From the moment liberal blogger Ezra Klein launched Vox as an “explanatory journalism” project, it has exemplified the prevailing conceits of the modern American Left. Sometimes useful, frequently ideological, and more than occasionally embarrassing, the work of Vox’s self-stylized wonks is required reading among those news consumers whose unshakable faith in their own intellectual superiority is a boundless source of smug satisfaction. Klein’s latest dispatch serves up a delicious premise to these eager members of the so-called “reality-based community:” President Obama’s health care law has been a big success in the real world (Vox has offered countless variations on this same argument), yet it remains unpopular in many quarters because too many Americans have been fed misinformation by unscrupulous conservative media sources. These sources, it goes without saying, are run by vulgar partisans — Hot Air gets a shout-out in the piece — whose fealty to the facts is far less fervent than the selfless servants of truth who populate Vox’s editorial team. Klein’s conclusion:
On the whole, though, costs are lower than expected, enrollment is higher than expected, the number of insurers participating in the exchanges is increasing, and more states are joining the Medicaid expansion. Millions of people have insurance who didn’t have it before. The law is working. But a lot of the people who are convinced Obamacare is a disaster will never know that, because the voices they trust will never tell them.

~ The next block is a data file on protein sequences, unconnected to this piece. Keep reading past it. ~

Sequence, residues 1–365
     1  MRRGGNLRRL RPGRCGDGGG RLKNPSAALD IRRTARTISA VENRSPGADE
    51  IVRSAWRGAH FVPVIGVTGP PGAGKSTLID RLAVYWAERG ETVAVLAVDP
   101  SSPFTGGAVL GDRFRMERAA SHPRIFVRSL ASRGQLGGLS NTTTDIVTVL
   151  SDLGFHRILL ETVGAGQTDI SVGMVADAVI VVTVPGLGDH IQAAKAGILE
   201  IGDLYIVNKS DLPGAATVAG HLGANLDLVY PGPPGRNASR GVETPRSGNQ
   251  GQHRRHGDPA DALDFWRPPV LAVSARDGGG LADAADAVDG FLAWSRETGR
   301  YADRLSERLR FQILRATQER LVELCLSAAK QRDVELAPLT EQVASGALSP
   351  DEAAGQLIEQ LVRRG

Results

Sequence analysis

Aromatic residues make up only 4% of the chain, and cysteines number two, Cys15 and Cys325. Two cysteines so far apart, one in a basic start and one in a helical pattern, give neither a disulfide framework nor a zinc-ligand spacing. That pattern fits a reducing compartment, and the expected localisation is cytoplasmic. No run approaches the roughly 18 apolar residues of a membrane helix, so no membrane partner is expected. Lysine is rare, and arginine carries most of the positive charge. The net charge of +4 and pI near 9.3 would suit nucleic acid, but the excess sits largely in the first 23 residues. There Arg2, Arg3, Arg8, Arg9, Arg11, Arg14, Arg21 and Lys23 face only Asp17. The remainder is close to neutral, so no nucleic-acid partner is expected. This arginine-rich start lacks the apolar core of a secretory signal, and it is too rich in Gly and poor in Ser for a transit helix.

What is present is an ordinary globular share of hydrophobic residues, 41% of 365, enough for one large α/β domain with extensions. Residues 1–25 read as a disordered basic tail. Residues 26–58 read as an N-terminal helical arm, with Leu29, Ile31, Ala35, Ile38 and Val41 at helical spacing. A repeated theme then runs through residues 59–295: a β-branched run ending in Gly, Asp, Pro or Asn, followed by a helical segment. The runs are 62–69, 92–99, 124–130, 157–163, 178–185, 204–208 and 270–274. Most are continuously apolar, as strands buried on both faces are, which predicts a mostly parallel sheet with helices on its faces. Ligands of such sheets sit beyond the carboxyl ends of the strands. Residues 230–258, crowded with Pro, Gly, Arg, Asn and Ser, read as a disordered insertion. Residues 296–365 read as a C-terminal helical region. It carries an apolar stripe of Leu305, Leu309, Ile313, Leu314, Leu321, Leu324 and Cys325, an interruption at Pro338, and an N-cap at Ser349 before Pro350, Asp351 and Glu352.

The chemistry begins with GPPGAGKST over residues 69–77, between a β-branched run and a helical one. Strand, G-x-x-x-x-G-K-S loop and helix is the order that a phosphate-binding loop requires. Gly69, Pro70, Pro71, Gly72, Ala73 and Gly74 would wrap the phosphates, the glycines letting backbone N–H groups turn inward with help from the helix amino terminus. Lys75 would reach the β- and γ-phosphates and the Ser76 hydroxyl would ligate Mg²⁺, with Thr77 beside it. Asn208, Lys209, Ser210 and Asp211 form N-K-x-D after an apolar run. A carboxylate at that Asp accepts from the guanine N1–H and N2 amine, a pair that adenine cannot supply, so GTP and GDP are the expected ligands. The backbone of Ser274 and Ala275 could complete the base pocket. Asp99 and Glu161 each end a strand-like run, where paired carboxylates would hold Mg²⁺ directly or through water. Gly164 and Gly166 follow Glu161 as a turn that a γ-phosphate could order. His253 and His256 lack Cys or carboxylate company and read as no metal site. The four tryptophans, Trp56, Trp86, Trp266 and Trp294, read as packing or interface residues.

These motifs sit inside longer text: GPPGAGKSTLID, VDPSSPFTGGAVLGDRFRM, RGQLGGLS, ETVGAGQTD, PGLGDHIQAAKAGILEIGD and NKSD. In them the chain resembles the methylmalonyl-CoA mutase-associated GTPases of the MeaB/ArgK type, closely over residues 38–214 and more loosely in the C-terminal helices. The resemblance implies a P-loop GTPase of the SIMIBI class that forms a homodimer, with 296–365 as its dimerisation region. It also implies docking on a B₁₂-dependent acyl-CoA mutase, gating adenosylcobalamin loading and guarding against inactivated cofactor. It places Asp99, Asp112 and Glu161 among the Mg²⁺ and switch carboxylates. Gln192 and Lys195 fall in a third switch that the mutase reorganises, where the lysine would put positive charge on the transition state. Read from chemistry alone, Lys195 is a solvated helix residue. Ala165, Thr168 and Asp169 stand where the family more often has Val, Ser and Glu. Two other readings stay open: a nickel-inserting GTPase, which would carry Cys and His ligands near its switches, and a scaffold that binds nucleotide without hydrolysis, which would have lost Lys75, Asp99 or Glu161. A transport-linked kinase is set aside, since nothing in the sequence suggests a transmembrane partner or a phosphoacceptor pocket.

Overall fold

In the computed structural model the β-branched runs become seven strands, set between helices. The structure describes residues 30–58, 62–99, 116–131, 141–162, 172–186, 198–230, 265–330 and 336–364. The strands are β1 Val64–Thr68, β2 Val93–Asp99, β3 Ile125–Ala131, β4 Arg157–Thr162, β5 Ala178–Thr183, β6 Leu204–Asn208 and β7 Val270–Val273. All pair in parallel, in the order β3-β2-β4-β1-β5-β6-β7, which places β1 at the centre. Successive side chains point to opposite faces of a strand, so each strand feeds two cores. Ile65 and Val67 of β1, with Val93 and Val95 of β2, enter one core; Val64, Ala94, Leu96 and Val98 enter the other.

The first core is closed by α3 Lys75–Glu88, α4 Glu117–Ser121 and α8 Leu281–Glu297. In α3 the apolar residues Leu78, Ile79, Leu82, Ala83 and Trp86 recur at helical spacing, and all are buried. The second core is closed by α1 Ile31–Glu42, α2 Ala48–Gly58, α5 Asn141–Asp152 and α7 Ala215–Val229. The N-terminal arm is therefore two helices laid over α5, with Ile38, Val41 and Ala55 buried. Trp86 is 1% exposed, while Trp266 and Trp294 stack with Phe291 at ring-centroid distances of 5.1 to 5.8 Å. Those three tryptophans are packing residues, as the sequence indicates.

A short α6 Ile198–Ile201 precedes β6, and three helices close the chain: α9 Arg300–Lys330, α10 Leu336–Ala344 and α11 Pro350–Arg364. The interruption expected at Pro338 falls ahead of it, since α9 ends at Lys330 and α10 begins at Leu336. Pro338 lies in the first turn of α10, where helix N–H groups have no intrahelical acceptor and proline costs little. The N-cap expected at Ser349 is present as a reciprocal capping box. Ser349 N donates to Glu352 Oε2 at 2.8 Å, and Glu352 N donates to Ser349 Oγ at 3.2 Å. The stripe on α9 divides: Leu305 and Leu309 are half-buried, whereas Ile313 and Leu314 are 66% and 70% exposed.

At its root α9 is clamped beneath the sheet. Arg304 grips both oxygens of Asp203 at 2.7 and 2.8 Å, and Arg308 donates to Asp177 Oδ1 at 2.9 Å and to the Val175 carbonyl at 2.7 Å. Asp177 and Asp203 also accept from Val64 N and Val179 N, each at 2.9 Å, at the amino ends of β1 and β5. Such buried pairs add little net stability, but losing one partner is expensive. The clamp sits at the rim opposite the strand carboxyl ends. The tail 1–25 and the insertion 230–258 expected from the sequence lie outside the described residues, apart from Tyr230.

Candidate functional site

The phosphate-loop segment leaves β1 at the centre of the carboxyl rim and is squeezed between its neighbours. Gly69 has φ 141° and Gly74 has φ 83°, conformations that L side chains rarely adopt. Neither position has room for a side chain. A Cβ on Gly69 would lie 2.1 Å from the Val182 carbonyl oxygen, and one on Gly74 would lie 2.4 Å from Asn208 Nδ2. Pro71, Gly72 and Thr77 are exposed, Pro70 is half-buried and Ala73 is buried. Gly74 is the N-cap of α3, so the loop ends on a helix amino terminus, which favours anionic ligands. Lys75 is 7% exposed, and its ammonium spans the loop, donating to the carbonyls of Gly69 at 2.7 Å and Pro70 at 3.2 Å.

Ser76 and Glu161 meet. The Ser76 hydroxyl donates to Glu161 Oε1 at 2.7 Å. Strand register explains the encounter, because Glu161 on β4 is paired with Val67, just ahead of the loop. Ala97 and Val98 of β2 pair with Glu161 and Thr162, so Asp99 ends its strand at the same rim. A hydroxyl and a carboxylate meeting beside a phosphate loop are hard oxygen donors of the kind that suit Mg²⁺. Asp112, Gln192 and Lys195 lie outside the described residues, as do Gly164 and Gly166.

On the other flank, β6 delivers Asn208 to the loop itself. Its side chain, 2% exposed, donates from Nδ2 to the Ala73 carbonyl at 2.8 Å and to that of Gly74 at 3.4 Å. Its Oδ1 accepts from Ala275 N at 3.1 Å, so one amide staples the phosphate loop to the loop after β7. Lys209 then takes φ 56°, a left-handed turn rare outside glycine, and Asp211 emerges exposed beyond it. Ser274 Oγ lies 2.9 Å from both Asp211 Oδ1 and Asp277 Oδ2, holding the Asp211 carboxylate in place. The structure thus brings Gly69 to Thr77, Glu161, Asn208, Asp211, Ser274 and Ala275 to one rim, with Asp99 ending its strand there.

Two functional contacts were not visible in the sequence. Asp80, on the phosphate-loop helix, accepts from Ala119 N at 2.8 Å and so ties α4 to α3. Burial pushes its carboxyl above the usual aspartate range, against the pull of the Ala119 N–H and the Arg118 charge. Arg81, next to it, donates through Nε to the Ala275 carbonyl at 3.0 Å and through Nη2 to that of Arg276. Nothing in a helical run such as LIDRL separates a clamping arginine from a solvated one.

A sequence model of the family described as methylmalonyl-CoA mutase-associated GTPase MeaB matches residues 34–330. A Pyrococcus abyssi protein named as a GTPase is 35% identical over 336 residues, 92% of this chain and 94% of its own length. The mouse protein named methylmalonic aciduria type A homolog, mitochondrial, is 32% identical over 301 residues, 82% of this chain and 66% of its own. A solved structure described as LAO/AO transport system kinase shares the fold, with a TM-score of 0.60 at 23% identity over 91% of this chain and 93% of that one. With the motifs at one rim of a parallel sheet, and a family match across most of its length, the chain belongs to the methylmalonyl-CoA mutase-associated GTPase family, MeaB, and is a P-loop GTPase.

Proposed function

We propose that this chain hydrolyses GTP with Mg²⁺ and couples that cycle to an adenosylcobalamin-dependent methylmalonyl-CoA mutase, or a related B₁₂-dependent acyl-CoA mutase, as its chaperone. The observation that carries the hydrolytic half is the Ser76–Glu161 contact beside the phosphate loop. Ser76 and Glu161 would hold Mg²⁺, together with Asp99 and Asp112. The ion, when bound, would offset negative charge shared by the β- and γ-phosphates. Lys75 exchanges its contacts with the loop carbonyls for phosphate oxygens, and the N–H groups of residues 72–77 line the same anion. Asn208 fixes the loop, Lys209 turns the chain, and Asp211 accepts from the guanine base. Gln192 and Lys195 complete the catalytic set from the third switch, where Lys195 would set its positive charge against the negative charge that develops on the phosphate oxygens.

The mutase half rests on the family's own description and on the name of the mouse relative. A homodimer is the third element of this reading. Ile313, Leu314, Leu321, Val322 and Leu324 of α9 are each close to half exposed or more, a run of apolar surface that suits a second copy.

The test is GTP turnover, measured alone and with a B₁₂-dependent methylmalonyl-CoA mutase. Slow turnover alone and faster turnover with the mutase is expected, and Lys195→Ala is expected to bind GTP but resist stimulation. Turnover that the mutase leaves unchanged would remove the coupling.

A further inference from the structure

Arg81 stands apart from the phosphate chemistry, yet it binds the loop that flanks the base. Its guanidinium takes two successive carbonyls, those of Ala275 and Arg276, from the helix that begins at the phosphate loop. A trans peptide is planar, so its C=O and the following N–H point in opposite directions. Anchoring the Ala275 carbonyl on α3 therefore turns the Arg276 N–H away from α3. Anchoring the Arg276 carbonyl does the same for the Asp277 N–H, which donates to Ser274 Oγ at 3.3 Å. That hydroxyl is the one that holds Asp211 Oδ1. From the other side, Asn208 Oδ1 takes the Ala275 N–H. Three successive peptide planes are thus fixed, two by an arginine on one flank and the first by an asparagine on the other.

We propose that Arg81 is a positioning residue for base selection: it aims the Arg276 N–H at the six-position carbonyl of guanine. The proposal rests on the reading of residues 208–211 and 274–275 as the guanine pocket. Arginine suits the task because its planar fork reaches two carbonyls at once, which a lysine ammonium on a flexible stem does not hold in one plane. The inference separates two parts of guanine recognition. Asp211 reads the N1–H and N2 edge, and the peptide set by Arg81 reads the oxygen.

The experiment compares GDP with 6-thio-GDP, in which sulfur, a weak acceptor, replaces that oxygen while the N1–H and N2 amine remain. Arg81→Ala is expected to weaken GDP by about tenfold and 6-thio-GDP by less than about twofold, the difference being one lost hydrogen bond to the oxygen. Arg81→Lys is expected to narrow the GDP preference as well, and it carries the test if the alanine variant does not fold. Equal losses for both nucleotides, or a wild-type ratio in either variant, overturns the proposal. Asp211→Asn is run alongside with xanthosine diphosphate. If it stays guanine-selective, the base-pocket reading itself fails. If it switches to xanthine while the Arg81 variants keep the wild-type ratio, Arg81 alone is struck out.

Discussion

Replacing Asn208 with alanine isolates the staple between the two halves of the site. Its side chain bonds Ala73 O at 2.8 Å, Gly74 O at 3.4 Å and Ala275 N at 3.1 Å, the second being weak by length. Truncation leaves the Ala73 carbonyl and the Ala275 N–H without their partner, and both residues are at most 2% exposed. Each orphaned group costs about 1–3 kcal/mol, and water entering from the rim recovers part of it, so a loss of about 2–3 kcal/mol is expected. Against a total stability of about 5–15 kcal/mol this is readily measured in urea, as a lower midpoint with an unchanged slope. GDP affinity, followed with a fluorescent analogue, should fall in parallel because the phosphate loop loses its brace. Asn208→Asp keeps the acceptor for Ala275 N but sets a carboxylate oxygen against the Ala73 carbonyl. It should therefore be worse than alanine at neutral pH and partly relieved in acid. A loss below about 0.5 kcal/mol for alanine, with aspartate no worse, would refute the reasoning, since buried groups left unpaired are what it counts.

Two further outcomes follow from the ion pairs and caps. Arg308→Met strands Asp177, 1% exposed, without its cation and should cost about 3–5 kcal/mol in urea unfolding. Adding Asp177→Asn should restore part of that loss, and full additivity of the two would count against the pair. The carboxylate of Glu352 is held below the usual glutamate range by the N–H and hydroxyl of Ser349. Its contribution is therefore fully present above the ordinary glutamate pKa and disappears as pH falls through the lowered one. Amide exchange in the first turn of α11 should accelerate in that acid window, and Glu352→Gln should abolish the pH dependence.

“The law is working,” and the American people might understand that better if they weren’t subjected to the right-wing media’s ruthless conspiracy to deny them the truth. (Strangely, this powerful, narrative-dominating cabal was incapable of defeating a weak incumbent president two years ago). As one of the alleged merchants of deceit, I’m more than willing to stipulate that (a) certain critics’ doomsday predictions haven’t panned out (see, for instance, Klein’s example of insurer participation in some exchanges), and (b) that the law has, in fact, helped some people. A recent Kaiser Foundation poll found that 14 percent of Americans say the ‘Affordable’ Care Act has impacted their family for the better. The trouble is that twice that number said they’ve been directly harmed by the law, which was marketed as a win-win for all consumers. Numerous national surveys have consistently tracked the same two-to-one, hurt-to-helped ratio. People’s actual experiences are not a product of propaganda-driven confusion. Setting aside Klein’s faulty presupposition that the expansion of Medicaid is an unalloyed good, his first two points fail rudimentary scrutiny. Beyond the cloistered world of the goalpost-shifting wonkosphere, costs are most assuredly not “lower than expected,” nor is enrollment “higher than expected.” Allow me to try my hand at explanatory journalism: